You are here
An update on Malibu’s push to separate from the Santa Monica-Malibu Unified School District will be presented to the Malibu City Council on Monday.
The last big move in the process was a 5-2 vote by the district Board of Education to reject a counteroffer from Malibu officials asking both sides to let the county and an outside consultant determine the financial terms of a breakup. Richard Tahvildaran-Jesswein and Malibu’s lone representative Craig Foster cast the dissenting votes.
That was April 16. Then Mayor Mikke Pierson expressed disappointment, calling Malibu’s proposal a "reasonable settlement offer."
The following day, the Los Angeles County Office of Education’s Committee on School District Organization held a preliminary hearing via Zoom on the city’s proposal.
SMMUSD officials have said they will continue “to advocate for denial of the petition before the committee while also promoting what it believes to be a fair and equitable proposal for separation.”
“To do otherwise would be an abdication of our responsibility to act in the best interests of our students,” board President Jon Kean said.
During the rare Saturday committee hearing, parents, teachers and city leaders past and present defended their position, decried fiscal mismanagement in the Santa Monica-Malibu Unified District and wondered how officials who wouldn’t even open campus bathrooms during the Woolsey Fire can believably argue they have Malibu’s interests at heart.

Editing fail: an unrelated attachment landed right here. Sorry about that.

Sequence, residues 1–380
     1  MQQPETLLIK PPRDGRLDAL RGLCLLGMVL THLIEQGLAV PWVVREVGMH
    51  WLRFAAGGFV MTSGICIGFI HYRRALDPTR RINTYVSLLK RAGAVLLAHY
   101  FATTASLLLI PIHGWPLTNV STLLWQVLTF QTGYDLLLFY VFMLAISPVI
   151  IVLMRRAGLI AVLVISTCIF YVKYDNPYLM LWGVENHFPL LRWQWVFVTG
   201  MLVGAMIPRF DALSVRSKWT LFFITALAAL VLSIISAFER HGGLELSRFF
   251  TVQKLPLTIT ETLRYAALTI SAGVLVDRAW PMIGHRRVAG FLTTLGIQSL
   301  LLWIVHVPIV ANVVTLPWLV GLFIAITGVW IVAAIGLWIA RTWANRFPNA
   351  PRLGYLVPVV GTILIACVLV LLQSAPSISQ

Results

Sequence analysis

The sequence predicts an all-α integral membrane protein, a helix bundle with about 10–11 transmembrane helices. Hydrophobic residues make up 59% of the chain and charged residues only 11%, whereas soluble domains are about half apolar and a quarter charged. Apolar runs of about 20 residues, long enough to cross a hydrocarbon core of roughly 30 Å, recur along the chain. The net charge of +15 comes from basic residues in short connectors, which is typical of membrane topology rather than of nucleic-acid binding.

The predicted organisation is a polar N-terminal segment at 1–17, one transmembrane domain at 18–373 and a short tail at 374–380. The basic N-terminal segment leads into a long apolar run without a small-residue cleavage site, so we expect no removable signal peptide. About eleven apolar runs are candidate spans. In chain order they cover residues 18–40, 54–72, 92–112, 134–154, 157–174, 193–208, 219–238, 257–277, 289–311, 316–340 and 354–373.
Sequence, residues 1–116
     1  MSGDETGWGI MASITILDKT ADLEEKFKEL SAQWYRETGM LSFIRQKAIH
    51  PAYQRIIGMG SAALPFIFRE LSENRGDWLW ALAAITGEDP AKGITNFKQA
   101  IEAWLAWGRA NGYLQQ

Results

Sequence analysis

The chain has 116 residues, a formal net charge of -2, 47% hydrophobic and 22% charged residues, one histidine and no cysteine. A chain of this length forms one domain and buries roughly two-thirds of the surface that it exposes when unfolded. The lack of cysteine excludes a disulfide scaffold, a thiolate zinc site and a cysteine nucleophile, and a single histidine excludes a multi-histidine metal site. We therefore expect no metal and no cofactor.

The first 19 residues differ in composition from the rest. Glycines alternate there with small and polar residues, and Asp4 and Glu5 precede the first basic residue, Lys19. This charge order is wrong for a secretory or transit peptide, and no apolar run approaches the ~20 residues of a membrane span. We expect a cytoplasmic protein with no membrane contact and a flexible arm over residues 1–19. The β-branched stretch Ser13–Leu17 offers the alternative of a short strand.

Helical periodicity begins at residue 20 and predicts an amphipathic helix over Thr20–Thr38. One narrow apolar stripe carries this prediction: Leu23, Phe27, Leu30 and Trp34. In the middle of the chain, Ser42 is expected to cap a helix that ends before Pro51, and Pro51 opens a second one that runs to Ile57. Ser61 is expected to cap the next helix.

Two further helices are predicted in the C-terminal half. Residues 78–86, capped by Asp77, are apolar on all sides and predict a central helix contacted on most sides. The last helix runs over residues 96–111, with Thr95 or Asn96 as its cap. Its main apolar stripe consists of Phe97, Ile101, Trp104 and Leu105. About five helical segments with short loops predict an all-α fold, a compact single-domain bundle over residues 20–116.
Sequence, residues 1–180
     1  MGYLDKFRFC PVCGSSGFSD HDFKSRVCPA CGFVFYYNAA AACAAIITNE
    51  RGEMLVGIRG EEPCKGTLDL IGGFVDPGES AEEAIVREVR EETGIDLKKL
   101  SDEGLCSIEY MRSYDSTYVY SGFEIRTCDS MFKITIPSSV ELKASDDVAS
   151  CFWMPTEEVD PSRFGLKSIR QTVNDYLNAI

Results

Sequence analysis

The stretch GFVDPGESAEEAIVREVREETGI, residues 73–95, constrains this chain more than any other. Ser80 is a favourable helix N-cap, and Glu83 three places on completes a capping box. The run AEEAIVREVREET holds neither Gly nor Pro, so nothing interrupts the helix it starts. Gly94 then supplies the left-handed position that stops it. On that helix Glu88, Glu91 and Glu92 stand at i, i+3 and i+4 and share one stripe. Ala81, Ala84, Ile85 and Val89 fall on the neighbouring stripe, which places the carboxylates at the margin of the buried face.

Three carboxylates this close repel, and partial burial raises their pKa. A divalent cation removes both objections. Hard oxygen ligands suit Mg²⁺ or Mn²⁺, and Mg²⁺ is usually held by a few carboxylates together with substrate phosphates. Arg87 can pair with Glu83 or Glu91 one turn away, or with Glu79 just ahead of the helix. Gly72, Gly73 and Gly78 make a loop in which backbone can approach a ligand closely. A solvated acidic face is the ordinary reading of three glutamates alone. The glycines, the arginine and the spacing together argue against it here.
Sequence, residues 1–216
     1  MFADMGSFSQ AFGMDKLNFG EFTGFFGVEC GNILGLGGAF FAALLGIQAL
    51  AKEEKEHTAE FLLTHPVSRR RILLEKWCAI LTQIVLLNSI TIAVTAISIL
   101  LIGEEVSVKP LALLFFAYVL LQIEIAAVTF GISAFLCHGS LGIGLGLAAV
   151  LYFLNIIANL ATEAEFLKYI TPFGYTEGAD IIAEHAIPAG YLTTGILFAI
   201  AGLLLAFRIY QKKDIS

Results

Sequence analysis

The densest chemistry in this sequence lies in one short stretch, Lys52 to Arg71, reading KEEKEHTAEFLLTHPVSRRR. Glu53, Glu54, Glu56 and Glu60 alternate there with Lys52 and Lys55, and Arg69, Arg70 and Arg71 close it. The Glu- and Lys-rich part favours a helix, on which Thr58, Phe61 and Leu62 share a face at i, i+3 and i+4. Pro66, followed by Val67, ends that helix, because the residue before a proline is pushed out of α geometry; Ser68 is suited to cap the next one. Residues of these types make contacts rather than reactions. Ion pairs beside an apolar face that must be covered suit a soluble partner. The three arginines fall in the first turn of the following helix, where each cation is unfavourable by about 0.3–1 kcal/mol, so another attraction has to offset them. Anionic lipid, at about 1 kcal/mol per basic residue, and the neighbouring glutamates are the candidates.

But district representatives kicked off their presentation arguing the impropriety of a pro-separation petition brought forward by the city.
Manel Sweetmore, who served on a committee that came up with a separation plan equitable to both sides only to have it rebuffed by the board, called the district’s position disingenuous.
“Today (the district) opened the session trying to say that the petition was not legitimate because it was brought by the city,” Sweetmore said. “They know full well (the city) had the required number of petitions from residents.”
Among the opponents is the Santa Monica-Malibu Classroom Teachers Association.
“I think we need to separate the two issues of secession and fairness and equity in money,” said Sarah Braff, union president. “I don't think that anyone’s fighting the concept of separation. But the (Education Code) says it will be an equitable division and that it would not promote racial or ethnic discriminagtion or segregation.”
“We disagree as to how this proposal will create a large imbalance, which creates additional favor for our more privileged students,” Braff said.
Monday's meeting starts at 6:30 p.m. and will be streamed live here.